Doncaster Yorkshire June 28th, 1805
Much Honoured Sir,
The difficulty I feel in addressing myself to you, elevated as you are by your Country, to the very summit of glory, may be more easily conceived than expressed.
If I be deemed impertinent in taking so great a Liberty, I would earnestly solicit your indulgence for my presumption; & beg you to attribute it, to my eagerness of becoming a Citizen of that Land, which time will hereafter recognize as one of the greatest in the Universe.—In matters of high importance, I have ever considered it the best, & the safest mode, to apply for information at the Fountain-Head, as being generally the most pure; for the turbid quality of a stream is more owing to its passing thro’ different soils, than to any imperfection in the source.—The situation we fill here, is that of Mrs. Morey’s keeping a limited Boarding School for Ladies; while I assist in some of the departments of it; & we have hitherto met with flattering encouragement.—It will naturally be enquired, why we wish to leave a Place where we are doing well. Here I beg leave to notice, that while I view the distorted & deranged affairs of this Country; the fear of horrible scenes taking place, awakens painful solicitude, for the future welfare of my Offspring.—Some time since, a ray of hope for the accomplishment of my wish to reach America, presented itself. I took the liberty of writing to Mr. Monro who kindly & liberally offered to assist us in establishing a School at Richmond, Virginia: but unfortunately he was called immediately after to Spain.
I address you Sir, as the present Father of a small Family, compared with the extent of your Country; & if it be not inconsistent with your high station, to honour me with your opinion, of the prospect of our meeting with success in any part of America, in Kentucky, or even as far as Louisiana; I should feel myself very highly obliged. If your opinion be encouraging, we shall most gladly embrace the opportunity of being added to the number of your free & happy Family.—My eldest Son; nearly sixteen years of age, plays extremely well on the Piano, & will be able to teach very soon; & most of the other branches of Education are taught by ourselves. Still Sir, your distinguished sense must allow, that it would be rashness in the extreme, to encounter an uncertain Element, in order to transplant a wife & four Children, without a well grounded prospect of success.—You perceive Sir, I am taking that freedom with you, which a man would with his Friend; a Child with a Parent; & while I hear of your fulfilling the destinies of Providence; of your having been chosen, & rechosen, to the honourable situation you so ably fill; by a People enlightened, liberal & free; I look upon your virtues as being of that cast & complexion, to give me the hope of an indulgent reply.—Should your country be stocked with persons of our description, & it is your opinion that the chance would be against us, the obligation will be further enhanced by your kindly informing me, if Land, with a good Title, can be purchased in Kentucky upon eligible Terms; & near to some Town. It is true, the occupation would be novel to me, but man, with the use of his limbs, & a moderate understanding, united with Steadiness & Attention may overcome difficulties which the indolent & pampered sons of wealth would shudder at the Idea of. I mention Kentucky merely on the supposition of its wanting Inhabitants, indeed I can easily suppose that there are few parts in the Utd. States which have not open arms ready to receive those who may be esteemed as benefactors to a country which they long to call their own. I would gladly transplant my family, into almost any part of that happy Soil, where the olive branch of Peace, has seemed to take so deep root, & should I be the object of fortune’s favour, in receiving a flattering reply, gratitude will at all times oblige me to feel, what I now beg, with the highest consideration & respect, to subscribe myself your Excellency’s most Humble & Obged Servt.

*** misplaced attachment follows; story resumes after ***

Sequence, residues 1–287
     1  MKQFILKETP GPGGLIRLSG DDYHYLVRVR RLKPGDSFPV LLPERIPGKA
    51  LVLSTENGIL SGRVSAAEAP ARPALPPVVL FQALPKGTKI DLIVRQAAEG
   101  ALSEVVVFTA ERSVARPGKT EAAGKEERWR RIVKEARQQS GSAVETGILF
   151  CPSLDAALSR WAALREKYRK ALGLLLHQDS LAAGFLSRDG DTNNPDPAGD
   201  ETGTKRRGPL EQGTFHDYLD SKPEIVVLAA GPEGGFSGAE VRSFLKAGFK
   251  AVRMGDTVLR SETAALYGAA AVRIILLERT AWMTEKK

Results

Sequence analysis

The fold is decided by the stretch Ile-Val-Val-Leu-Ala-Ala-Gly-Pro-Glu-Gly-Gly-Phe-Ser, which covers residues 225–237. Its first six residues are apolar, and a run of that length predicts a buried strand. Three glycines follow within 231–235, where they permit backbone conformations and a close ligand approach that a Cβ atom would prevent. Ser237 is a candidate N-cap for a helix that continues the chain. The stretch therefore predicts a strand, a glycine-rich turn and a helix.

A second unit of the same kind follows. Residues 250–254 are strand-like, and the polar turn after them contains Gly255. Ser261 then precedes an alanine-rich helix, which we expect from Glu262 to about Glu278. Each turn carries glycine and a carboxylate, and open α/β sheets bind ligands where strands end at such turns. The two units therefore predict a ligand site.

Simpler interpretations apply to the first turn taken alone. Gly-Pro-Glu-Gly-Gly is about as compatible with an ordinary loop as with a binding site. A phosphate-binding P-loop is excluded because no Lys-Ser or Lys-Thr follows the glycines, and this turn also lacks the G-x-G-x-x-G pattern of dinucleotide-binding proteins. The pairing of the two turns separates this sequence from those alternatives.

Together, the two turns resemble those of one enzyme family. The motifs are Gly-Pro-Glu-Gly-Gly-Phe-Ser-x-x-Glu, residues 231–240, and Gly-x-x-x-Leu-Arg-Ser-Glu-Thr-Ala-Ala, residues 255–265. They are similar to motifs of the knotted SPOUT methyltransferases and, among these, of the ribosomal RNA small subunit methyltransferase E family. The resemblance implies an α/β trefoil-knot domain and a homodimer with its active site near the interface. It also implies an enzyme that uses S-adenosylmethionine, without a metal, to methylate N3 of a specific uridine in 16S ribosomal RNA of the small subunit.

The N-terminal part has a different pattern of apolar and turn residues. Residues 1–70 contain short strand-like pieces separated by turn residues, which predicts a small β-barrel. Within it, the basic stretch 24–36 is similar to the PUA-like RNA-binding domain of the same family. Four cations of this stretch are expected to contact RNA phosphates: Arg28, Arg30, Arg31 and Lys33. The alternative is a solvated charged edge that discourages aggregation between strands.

DLC: Papers of Thomas Jefferson.